Since Yosemite Park Closes Its Gates Animals Came Out to Play

The Yosemite National Park located in California’s Sierra Nevada mountains has around 4 million visitors for a year, and 11000 per day.

Now with this pandemic lockdown underway, emboldened animals are roaming freely. They were captured on camera as serenity returns, waterfalls cascade down from snowy peaks, Coyotes calmly explore and bears roam freely. And even usually shy and elusive bobcats are popping up.

This world-famous Yosemite is the jewel in the crown amongst the United States’ numerous magnificent national parks and it is known for its biological diversity and breathtaking scenery: granite cliffs, mountains, meadows, lakes, glaciers, waterfalls, and crystal clear streams. Also, there are 1300 km of hiking trails and 560 km of roads. And normally at this time of year – the start of Spring, the park would be packed with tourists, but Yosemite became one of the first national parks to close it’s gates for this situation and has been shut since March 20.

In a statement by the Yosemite Park was said: “While so much has changed for humans in recent weeks, it’s reassuring to see that nature carries on as it always has. Spring seems to be slowly creeping into the valley, the sun finally emerging after a week or two of rain and snow. Waterfalls are gradually picking up momentum, and wildlife is becoming more active, perhaps enjoying having the park mostly to themselves.

Photo credits: YosemiteNPS

Artist Visually Compares the Sizes of Extinct Species With Their Modern Relatives

Technology has evolved and shaped our workplaces in many ways. Photoshop, for instance, helps us take a glimpse at how we want things to appear. Although flawless photography is perhaps never possible without expensive shooting gear, digital photo can give us the solution to turn imperfect photographs into professional ones so easily. It helps us to explore creative thinking and thoughts. Even though they still remain digital, they’re pretty close to reality.

To illustrate, Roman Uchytel uses technology for this matter. He uses Photoshop to show us a glimpse of things that have passed and thus will never come back. More specifically, he recreates prehistoric extinct species of animals as best as he can using the information that he has now. And it can be said that he’s been doing indeed a good job at it. Furthermore, he even managed to publish a book which you can find here.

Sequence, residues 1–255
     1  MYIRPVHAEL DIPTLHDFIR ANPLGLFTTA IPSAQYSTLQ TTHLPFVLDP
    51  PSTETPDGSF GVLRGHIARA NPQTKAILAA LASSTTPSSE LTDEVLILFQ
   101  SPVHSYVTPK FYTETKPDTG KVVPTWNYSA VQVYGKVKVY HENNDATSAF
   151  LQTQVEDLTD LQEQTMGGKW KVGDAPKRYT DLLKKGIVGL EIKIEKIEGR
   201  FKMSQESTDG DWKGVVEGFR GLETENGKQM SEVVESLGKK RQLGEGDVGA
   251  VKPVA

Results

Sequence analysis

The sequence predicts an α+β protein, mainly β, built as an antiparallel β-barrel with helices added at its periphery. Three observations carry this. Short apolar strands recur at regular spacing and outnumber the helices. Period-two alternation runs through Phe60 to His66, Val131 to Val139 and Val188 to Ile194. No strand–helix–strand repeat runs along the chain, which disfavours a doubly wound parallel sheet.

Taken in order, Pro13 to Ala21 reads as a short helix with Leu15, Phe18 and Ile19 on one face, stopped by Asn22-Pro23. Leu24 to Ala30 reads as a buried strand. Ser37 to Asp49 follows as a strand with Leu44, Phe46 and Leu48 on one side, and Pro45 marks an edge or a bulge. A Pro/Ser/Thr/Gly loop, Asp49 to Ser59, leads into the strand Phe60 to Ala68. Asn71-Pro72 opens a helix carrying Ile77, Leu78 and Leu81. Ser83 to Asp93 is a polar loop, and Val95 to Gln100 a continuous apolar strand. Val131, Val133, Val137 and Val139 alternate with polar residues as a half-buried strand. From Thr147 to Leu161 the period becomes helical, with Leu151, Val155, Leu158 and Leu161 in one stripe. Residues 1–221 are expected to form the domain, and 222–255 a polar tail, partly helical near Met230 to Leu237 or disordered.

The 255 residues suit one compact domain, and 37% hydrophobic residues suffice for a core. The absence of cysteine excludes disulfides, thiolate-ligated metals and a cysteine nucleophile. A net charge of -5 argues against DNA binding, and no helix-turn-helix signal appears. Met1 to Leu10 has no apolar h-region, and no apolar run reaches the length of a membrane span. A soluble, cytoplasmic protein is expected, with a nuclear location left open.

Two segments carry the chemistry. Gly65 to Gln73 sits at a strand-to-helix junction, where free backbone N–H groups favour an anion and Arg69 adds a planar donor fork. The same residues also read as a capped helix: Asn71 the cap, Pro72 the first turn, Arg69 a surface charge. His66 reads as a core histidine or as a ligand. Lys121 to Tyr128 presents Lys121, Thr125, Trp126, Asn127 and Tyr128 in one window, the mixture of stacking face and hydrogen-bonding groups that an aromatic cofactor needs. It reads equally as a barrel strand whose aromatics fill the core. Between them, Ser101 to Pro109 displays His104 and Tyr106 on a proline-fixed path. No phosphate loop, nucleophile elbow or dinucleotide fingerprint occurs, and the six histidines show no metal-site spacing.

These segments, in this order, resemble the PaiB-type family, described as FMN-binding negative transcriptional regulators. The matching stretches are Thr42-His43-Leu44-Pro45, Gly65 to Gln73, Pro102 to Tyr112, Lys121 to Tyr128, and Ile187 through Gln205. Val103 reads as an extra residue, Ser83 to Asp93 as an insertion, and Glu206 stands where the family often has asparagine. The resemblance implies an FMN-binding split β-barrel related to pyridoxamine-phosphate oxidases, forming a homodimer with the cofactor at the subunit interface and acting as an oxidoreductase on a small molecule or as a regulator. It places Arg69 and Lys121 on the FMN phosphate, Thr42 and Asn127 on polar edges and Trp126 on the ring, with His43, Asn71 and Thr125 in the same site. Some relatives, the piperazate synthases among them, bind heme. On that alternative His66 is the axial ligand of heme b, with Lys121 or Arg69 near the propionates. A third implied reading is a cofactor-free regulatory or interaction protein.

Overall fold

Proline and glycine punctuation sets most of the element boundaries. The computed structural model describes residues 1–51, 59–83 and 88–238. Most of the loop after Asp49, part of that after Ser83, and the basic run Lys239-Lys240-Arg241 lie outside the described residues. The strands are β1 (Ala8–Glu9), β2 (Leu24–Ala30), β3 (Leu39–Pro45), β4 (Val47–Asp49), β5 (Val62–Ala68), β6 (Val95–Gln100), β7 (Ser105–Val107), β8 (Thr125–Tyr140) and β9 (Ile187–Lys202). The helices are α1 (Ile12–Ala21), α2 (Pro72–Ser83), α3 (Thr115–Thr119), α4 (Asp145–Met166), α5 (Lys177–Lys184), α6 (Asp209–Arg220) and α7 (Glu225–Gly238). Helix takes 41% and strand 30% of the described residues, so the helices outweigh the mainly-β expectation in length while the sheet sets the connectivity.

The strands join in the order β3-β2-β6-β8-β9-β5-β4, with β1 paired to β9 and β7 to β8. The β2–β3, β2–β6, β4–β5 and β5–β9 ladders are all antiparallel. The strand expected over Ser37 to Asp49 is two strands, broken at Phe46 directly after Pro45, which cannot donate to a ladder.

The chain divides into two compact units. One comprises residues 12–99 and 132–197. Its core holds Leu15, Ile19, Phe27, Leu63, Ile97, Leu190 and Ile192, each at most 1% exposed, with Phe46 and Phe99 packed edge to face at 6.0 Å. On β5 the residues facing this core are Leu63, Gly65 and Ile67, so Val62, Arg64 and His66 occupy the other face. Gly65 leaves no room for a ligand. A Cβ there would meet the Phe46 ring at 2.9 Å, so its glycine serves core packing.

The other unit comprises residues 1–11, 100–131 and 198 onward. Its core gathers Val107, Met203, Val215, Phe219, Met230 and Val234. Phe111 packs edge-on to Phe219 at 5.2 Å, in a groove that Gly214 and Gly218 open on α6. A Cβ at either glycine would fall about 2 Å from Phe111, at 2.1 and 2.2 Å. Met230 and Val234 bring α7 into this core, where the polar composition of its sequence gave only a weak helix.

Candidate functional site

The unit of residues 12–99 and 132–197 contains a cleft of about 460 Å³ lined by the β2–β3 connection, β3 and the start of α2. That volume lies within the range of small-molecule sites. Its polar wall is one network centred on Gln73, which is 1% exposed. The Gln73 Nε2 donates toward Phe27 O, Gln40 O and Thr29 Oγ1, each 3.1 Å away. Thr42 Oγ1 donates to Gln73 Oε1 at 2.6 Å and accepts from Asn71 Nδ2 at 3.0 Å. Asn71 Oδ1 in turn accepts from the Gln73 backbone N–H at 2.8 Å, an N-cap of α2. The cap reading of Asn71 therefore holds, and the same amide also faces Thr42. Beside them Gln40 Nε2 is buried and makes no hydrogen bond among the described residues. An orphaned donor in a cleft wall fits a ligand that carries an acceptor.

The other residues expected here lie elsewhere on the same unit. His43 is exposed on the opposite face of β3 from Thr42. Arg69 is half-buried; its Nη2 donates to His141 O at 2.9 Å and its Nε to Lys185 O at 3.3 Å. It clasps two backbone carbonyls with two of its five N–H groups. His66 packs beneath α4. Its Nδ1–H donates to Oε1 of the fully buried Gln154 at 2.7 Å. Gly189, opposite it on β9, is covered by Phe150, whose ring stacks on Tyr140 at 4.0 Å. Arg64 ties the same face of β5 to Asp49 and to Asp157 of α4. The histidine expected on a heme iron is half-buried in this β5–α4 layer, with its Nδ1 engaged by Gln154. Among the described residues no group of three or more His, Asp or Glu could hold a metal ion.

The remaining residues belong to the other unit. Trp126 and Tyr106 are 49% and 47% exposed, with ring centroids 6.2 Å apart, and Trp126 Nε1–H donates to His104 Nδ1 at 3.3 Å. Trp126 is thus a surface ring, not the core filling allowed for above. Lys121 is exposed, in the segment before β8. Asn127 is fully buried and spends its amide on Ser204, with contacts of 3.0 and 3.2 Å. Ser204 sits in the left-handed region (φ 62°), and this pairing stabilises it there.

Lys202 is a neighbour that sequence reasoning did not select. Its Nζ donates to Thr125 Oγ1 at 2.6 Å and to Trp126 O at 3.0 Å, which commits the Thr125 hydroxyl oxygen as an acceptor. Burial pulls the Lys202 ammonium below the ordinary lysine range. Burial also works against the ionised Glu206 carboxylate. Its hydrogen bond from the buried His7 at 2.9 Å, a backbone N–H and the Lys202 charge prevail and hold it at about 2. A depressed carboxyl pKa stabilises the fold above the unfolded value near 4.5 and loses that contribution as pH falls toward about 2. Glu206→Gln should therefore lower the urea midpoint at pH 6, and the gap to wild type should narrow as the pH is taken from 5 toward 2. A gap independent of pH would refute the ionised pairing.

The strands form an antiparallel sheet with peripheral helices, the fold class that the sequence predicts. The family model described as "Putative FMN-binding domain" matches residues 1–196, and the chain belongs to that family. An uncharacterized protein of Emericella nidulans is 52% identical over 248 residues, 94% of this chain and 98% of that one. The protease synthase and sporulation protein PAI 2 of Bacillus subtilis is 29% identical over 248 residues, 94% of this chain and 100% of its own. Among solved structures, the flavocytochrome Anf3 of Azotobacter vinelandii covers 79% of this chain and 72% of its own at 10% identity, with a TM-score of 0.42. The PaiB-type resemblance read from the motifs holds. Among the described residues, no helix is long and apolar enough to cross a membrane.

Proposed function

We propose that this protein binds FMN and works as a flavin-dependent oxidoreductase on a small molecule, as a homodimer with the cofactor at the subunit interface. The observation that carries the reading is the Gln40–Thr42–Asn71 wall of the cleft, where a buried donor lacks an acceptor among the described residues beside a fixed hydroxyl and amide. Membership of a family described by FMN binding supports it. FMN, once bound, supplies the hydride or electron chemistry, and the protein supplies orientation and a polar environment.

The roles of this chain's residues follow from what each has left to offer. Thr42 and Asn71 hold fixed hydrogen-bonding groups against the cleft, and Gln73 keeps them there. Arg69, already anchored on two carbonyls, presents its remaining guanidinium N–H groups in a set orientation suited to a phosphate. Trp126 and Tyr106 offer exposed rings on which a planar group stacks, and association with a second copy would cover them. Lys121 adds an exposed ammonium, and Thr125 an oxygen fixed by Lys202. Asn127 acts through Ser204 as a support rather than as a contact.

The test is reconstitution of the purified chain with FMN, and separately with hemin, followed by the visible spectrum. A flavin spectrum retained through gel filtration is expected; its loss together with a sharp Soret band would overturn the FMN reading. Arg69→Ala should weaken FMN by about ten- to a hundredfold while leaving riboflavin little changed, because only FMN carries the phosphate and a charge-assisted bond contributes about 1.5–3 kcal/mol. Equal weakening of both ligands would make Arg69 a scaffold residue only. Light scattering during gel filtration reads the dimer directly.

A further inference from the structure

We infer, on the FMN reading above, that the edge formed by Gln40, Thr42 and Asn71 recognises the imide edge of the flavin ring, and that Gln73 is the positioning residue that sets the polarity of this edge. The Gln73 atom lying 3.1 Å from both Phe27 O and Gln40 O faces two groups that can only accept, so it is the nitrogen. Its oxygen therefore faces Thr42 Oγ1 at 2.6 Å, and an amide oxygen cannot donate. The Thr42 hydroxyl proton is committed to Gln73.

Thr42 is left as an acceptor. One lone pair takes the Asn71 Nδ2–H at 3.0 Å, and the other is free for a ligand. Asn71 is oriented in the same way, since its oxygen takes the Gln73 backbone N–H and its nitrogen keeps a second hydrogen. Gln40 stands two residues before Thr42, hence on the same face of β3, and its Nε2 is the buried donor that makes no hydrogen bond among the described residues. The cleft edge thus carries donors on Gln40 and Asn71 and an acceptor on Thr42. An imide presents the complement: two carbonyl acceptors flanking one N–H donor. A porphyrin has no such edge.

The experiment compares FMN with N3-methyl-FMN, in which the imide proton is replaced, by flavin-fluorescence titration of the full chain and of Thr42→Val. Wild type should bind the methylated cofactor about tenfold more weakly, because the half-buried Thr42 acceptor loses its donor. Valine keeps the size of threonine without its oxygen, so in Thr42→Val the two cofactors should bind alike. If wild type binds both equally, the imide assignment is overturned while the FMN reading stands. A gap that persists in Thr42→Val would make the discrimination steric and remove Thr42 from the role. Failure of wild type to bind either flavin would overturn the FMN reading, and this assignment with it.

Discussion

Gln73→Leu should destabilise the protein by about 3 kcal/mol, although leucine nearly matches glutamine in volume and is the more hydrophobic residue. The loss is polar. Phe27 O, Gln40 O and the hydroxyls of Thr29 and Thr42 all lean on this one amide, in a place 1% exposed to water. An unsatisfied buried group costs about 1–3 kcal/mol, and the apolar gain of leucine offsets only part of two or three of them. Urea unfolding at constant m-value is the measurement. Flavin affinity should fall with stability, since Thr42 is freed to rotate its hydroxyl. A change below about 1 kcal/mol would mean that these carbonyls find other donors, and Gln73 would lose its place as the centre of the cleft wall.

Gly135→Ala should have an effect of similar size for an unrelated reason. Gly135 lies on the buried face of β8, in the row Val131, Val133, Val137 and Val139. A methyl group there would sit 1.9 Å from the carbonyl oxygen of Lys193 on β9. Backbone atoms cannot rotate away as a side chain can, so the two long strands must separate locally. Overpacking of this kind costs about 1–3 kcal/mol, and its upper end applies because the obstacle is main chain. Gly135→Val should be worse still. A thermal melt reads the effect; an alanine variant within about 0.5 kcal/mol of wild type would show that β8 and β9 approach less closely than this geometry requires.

Luckily, Earthwonders managed to get in touch with Roman Uchytel and had an interview about one of his many series which will be presented below. Such series involve the comparison of the sizes of extinct species with their modern relatives and places them side by side. It’s truly interesting how some of the species were way bigger than we would’ve thought looking at their modern relatives. So, scroll down and check out the images!

More info: twitter.com | prehistoric-fauna.com | Facebook | Instagram

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“We came up with this idea together with Alexandra Antonova (Uchytel), my wife and business partner, for our children to know what the ancestors (or relatives) of the animals they see in the zoo looked like. Besides, I’ve been wondering myself how these animals would fit together. Everyone compares extinct animals to humans, but no one compared them to contemporaries (descendants).” said Uchytel for Earthwonders.

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When being asked if it’s challenging to come up with ideas and with the final results, he said “Of course, it’s a challenge because you do it for yourself and you never know if it will resonate with other people”.

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“It was really unexpected for my pictures to become quite viral, because in today’s world, it’s very difficult to surprise anyone. But I’m glad that a lot of people are interested in extinct animals, because one of the missions of the Prehistoric Fauna project is to starting point for an international dialogue that could help preserve the remains of the megafauna, because many animals can die out again because of humans.”

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“People’s reaction about these images was like a snowball reaction. Because a lot of people didn’t know that modern animals had such unusual ancestors.”

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